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What makes Taylor Gabriel so good on 3rd down?

Throughout the 2018 season, no one was more efficient on 3rd down than WR Taylor Gabriel. But what makes the speedster so effective? Robert S. dives into his film to find out.

Minnesota Vikings v Chicago Bears Photo by Stacy Revere/Getty Images

Taylor Gabriel’s “controversial” TD catch in Bears OTA practice this Tuesday reminded me of something I’ve yet to cover – once the offense got settled, Gabriel was money on 3rd downs. In fact, he led the Bears in 3rd downs converted (11) while only receiving the 3rd-most targets on 3rd down (20). But what makes him so efficient? Why do his 3rd down receptions often look so easy? Find out in this quick film breakdown!

As usual, if your platform doesn’t display the videos being referenced within the article simply look for the italicized portion of each paragraph — that’ll contain a link to the video you need.

With all of that out of the way, let’s dive into the breakdown.

Turbo’s 3rd down magic comes from a few things, but I’ll start by telling you what you already know: he’s wickedly fast. As you can see here, all he needs to do is turn his CB’s hips inside for a split second to gain massive separation down the sidelines. He’s got the speed to pick up yards in chunks.

And nobody’s more aware of Gabriel’s speed than whoever’s guarding him – watch how this Miami CB gives Turbo ~8 yards of cushion and instinctively steps backwards when Gabriel cuts outside. He doesn’t want to get beat deep, and thus gives away yardage underneath, creating an easy first down conversion.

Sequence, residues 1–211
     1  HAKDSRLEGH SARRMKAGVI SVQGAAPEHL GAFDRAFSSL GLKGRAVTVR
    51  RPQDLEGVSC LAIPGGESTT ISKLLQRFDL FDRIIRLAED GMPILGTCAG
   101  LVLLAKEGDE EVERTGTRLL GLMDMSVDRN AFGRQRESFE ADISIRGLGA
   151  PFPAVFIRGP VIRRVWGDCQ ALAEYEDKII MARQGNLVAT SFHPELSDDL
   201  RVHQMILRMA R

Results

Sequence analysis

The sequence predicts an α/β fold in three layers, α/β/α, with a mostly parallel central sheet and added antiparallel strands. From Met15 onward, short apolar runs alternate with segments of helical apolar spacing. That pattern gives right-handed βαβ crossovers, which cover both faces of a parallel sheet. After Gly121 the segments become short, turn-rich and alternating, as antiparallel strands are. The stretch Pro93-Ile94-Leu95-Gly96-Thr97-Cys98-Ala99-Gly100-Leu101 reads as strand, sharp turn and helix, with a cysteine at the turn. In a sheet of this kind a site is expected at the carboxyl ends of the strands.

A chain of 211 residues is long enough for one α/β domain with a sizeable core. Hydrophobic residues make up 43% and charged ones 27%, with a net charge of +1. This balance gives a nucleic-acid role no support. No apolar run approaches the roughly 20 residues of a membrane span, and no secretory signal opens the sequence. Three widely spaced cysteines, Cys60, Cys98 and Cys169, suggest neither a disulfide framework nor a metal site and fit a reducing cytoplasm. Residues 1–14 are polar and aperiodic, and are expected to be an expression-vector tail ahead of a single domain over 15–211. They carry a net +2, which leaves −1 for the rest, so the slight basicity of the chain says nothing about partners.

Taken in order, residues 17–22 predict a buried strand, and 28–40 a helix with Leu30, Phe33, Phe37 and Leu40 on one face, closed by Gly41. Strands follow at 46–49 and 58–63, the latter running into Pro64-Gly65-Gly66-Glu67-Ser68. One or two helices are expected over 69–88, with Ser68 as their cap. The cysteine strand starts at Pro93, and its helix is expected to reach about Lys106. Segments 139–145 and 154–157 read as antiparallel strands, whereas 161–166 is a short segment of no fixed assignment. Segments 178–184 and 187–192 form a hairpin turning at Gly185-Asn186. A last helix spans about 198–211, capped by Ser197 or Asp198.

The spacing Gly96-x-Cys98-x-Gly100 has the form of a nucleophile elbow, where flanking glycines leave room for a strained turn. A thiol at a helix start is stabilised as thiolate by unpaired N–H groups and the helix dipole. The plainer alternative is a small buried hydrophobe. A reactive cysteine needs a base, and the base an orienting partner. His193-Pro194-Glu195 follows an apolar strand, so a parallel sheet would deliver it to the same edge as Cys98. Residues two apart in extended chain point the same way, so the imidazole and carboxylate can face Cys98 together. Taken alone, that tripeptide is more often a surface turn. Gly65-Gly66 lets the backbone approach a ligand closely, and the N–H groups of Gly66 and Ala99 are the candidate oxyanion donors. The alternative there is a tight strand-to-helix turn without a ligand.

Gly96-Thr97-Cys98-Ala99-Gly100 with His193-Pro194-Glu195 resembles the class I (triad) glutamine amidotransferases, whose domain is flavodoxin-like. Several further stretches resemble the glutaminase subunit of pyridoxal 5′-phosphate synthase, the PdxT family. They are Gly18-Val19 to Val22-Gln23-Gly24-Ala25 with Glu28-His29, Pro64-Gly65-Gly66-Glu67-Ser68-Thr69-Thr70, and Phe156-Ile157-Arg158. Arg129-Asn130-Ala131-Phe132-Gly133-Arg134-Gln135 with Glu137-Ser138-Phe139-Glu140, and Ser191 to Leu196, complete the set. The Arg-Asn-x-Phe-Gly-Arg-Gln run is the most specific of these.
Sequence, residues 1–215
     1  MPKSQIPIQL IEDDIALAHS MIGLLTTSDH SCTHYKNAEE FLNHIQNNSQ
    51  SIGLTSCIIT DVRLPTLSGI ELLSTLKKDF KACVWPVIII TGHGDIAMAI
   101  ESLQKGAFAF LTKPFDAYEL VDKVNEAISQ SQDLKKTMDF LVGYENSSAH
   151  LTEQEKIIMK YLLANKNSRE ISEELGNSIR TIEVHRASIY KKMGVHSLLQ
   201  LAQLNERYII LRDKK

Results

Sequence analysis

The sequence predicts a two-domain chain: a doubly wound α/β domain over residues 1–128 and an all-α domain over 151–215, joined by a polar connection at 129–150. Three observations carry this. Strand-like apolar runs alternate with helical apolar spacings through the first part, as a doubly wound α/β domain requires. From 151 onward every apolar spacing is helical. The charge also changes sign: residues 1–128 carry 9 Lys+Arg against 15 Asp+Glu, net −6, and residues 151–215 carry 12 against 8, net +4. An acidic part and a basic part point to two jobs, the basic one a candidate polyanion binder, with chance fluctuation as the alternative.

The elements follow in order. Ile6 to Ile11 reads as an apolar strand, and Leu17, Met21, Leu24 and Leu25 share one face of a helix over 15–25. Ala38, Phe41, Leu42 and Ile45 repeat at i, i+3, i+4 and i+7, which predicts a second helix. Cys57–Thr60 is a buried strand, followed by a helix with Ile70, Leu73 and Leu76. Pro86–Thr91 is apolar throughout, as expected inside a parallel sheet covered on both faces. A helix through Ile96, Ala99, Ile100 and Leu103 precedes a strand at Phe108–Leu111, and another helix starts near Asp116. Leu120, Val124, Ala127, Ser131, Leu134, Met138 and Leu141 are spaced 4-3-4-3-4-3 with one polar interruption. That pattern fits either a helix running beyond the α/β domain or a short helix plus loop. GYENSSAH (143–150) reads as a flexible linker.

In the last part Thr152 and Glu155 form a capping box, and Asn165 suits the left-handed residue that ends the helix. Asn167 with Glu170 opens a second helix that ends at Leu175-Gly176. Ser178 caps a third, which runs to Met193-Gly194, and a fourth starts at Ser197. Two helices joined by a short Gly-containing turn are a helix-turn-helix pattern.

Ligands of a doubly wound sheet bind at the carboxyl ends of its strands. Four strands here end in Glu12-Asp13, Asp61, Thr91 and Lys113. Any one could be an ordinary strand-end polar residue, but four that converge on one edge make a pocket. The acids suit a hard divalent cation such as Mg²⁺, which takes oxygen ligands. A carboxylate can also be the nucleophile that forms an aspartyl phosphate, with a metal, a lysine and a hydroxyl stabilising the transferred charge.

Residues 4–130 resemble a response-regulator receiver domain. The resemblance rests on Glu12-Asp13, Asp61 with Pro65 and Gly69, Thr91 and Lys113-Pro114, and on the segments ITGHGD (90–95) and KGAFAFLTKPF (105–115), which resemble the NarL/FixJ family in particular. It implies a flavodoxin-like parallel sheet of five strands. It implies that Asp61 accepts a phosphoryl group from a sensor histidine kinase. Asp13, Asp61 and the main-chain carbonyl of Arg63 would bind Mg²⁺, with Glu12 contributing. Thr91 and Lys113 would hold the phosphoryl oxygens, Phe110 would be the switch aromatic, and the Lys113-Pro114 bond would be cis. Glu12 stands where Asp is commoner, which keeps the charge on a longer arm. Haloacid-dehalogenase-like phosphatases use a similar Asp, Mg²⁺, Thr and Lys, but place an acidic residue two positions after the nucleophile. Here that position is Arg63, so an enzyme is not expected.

Gabriel’s speed lets him take advantage of that extra cushion he gets in coverage a lot. Like a LOT. Here the CB starts 8 yards off of the line of scrimmage, so a quick cut inside picks up 12 easy yards. But not all throws arrive this early – how does Gabriel hold up when a pass reaches him late?

This question brings us to one of the more underrated parts of Gabriel’s game – not only are his hands great (1 drop in 16 games), but he’s tough as hell too. Here he gets blasted from behind mid-catch but hangs onto the ball anyways to convert a big playoff 3rd down. That’s exactly what you need from a WR2.

He actually takes more big hits than you might realize – good CBs will often start 7-10 yards off of Gabriel but break back to hit him the instant he cuts off his route. This forces Gabriel to be fearless at the catch point, and as you can see, he’s clearly up to the challenge.

Gabriel’s speed, hands, and toughness combine to create a dangerous receiver in all situations. Whether split out wide or playing from the slot, the timing he’s developed with Trubisky and his willingness to take big hits make him a 3rd down threat that defenses simply have to account for.

All of this is to say that if Gabriel thinks he caught that TD the other day, he probably did. His hands are reliable and his play on 3rd downs make that abundantly clear. Either way, that won’t be the last TD he’ll catch in 2019 – with his speed and Trubisky’s growth, I can’t wait to see what Turbo can do in Nagy’s “202” year.